And also don’t worry about being long. It might happen once and is not all that different to being short.
…except that most times the worst trouble is to front and sides of a green - over the back is often not an issue.
 

Orikoru

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Echo the comments on distance not being the problem too. 220 carry with driver isn't short, it's average if not a little above average for an amateur golfer. As long as you're doing that and keeping it in play, it should be plenty.

I'm around that sort of range, maybe a tad shorter, and I used to wish I could hit further - but chasing that just makes me slice the ball more which is no use at all. Ultimately it was more of a problem when I didn't have a reliable second shot for around 190-200 yards, but since I got my current fairway woods which just worked for me, it's been less of an issue. If you can hit 220 yards from the tee and 200 yards from the deck, it may not sound like much but only the 420+ par 4s are out of reach then, and holes of that length are few and far between.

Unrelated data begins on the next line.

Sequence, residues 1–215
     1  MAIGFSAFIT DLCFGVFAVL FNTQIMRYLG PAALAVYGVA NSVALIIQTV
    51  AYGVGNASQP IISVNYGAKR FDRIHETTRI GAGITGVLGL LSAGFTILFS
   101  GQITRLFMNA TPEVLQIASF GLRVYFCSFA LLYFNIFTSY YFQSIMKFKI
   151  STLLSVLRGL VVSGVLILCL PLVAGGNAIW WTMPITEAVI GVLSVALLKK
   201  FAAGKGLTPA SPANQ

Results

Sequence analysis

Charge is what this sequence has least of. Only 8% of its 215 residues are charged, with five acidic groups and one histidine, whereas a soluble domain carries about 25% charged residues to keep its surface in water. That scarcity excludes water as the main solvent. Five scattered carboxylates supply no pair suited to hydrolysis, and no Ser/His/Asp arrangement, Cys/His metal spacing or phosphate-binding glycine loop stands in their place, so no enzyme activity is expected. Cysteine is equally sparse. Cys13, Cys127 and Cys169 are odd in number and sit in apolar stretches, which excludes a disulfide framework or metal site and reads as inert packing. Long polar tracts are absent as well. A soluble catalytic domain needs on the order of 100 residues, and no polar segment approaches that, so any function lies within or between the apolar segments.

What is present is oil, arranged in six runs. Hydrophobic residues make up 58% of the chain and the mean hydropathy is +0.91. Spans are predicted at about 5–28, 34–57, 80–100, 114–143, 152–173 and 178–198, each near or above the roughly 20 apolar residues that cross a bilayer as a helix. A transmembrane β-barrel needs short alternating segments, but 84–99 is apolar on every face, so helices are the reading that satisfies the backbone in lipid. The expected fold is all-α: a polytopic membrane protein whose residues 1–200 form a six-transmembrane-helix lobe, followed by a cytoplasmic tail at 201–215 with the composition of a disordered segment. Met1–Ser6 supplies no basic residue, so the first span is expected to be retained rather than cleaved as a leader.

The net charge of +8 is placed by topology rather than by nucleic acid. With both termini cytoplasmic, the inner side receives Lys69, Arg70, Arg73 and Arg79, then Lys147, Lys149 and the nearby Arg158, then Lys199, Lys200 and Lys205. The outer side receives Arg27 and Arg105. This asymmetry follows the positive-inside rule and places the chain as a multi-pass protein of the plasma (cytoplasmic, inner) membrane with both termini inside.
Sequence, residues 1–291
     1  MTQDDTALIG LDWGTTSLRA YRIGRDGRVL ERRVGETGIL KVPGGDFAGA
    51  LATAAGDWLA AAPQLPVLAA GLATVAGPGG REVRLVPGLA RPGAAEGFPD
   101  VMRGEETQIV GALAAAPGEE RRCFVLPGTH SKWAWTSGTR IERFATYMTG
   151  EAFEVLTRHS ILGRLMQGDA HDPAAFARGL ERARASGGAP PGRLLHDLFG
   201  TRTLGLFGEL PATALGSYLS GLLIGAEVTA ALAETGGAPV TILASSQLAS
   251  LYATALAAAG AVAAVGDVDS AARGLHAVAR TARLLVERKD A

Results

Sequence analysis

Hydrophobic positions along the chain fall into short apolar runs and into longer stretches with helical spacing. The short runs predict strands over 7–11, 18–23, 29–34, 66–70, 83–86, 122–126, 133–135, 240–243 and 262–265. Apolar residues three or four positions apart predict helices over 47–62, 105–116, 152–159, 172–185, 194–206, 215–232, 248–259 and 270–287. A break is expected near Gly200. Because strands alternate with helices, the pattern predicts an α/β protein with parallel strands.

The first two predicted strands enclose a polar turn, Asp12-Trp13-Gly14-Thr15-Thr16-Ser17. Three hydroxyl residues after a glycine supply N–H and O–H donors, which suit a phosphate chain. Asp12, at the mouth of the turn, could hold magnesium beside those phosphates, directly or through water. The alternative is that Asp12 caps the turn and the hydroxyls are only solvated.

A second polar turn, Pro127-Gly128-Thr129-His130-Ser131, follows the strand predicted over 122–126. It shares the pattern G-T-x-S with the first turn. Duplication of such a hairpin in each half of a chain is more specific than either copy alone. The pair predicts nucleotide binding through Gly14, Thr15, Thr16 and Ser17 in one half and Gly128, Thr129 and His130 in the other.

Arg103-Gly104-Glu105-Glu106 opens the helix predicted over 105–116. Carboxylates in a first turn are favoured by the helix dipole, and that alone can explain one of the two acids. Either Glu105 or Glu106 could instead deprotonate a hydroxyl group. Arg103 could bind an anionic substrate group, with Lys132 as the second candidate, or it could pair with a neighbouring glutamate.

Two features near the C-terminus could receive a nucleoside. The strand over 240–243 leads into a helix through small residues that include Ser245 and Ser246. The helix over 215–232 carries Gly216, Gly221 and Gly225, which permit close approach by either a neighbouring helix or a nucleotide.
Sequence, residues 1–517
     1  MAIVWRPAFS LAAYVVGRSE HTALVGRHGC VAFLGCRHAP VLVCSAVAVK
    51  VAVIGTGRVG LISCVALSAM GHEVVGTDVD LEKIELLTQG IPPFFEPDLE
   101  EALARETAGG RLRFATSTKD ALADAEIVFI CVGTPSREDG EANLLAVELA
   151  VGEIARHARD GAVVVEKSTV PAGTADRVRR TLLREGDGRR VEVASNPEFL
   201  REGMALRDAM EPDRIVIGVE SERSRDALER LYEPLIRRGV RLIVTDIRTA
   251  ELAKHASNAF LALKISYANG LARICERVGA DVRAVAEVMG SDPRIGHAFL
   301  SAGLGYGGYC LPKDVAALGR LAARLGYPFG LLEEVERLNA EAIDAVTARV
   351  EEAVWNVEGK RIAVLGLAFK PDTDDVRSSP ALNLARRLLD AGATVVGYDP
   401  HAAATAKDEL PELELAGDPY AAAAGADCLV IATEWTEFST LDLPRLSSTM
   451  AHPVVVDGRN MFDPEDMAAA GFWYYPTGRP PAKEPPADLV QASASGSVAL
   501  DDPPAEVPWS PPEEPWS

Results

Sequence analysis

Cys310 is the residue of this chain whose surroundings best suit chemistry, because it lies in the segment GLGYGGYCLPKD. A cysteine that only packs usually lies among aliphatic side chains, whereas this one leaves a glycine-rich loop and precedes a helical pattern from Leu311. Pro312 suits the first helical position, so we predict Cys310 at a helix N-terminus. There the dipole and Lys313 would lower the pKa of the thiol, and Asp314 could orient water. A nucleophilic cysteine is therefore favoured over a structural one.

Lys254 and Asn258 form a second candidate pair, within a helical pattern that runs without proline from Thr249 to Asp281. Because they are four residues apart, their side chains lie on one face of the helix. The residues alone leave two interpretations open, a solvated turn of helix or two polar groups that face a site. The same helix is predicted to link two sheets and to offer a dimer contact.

Swango1980

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OP. I haven’t read all the replies, but I suspect there are a lot saying get good at short game. They aren’t wrong, short game is important but that won’t fix the problem, it’s just a ban aid.

From your stats’s it’s clear where you are leaking shots. If you want to shoot lower score, you need to hit more greens.

You have two main options to improve that. Be closer to the green your tee shot and get better at hitting your irons. Doing both will really help.

Being short so often is not uncommon and it sounds like your ball striking is an issue. But next time you play, take your yardage from the back of the green on all approaches and see how you get on. This works even better if you can get someone else to do it for you.

And also don’t worry about being long. It might happen once and is not all that different to being short.